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Archive for May 18th, 2022

More than 10 years ago, I narrated this video showing how the United States benefited from spending restraint under both Ronald Reagan and Bill Clinton. Since today’s topic is Clinton’s policies, pay attention starting about 4:00.

If you don’t have time to watch the video, I hope you will at least pay attention to this chart, which appeared near the end (about 6:00).

It shows what happened to domestic spending (entitlements plus discretionary) as a share of economic output during the Reagan years, the Clinton years, and the 2001-2010 period under Bush and Obama.

Reagan was the runaway champion, but it’s worth noting that the burden of domestic spending also declined during the Clinton years.

But it wasn’t just that Bill Clinton was good on spending. Good things happened in the 1990s in other areas as well, especially trade.

In a column for the Wall Street Journal, Bill Galston defends Clinton’s “neoliberal” record.

… critics often mark the Clinton administration as the moment when establishment Democrats capitulated to the ideology of the unfettered market. Poor and working-class Americans paid the price, they charge… The historical record tells a different story. …During eight years of the Clinton administration, annual real growth in gross domestic product averaged a robust 3.8% while inflation was restrained, averaging 2.6%. Payrolls increased by 22.9 million… Unemployment fell from 7.3% in January 1993 to…4.2% at the end of President Clinton’s second term. Adjusted for inflation, real median household income rose by 13.9%. …During the administration, federal spending as a share of GDP fell from 21.2% to 17.5%… What about the poor? The poverty rate declined during the Clinton administration by nearly one quarter, from 15.1% to 11.3%, near its historic low. And it declined even faster among minorities—by 8.1 percentage points for Hispanics and 10.9 points for blacks. …In sum, during the heyday of neoliberalism, Americans weren’t forced to choose between high growth and low inflation or between aggregate growth and fairness for the poor, working class and minorities.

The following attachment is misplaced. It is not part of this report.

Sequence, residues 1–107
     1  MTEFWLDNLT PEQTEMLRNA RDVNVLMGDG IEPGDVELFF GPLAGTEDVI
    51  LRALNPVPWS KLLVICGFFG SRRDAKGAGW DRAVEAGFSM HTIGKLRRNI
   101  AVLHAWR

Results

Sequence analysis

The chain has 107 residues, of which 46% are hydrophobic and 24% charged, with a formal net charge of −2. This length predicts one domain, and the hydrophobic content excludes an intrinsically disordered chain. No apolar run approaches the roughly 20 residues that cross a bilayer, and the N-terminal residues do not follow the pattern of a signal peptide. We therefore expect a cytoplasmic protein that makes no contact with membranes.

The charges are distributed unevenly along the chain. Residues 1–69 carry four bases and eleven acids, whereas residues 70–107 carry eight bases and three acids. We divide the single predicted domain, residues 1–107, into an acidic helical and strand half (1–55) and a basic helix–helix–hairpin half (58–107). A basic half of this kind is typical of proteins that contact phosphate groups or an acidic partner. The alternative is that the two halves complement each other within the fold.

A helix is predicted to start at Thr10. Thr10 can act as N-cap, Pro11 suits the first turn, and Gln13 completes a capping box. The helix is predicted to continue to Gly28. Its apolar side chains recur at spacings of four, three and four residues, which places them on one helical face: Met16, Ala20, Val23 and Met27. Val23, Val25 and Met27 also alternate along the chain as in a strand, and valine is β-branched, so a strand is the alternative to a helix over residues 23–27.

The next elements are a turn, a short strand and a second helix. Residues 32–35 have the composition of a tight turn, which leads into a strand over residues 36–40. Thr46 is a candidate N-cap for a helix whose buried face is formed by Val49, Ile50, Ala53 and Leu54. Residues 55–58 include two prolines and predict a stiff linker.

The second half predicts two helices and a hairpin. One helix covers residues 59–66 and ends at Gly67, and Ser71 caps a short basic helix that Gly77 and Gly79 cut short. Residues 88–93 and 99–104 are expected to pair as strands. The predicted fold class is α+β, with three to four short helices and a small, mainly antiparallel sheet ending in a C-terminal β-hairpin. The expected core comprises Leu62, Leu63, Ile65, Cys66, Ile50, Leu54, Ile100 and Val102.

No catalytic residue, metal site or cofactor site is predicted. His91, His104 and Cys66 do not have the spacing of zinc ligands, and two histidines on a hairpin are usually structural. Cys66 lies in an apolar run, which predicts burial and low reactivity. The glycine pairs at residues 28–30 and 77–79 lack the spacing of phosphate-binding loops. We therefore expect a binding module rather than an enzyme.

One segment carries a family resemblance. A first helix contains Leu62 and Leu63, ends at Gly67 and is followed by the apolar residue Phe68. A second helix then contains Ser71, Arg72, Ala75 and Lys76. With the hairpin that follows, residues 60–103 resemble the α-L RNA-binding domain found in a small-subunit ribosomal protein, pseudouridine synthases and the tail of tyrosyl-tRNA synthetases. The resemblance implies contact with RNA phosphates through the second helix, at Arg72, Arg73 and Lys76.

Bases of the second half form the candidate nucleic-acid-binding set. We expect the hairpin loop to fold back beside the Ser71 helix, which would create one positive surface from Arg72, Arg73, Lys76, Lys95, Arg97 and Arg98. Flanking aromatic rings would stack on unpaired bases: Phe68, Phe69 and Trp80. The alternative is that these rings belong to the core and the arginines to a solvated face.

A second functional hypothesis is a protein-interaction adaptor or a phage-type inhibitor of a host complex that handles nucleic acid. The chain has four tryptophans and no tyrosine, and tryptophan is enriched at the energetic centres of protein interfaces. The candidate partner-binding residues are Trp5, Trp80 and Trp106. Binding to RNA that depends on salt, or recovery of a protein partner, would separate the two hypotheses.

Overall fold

Why did we get these good results?

Because overall economic freedom increased during the Clinton years. And when the burden of government is reduced, that creates more opportunity for upward advancement for everyone in society.

By the way, I’m not arguing in today’s column that Bill Clinton deserves all the credit. There’s little doubt that the Republican landslide in 1994 played a big role in many of the subsequent pro-market reforms (such as welfare reform, the 1997 tax cut, etc).

But I will say that Bill Clinton at least was amenable to pro-market compromises, which is not what we saw during the Obama years (and I doubt we will see a shift to the center from Biden if Republicans win Congress this November).

P.S. Republicans were able to impose some fiscal discipline on Obama after the Tea Party landslide of 2010

P.P.S. For those who want more details, click here for a detailed examination of the fiscal policy performance of various modern presidents.

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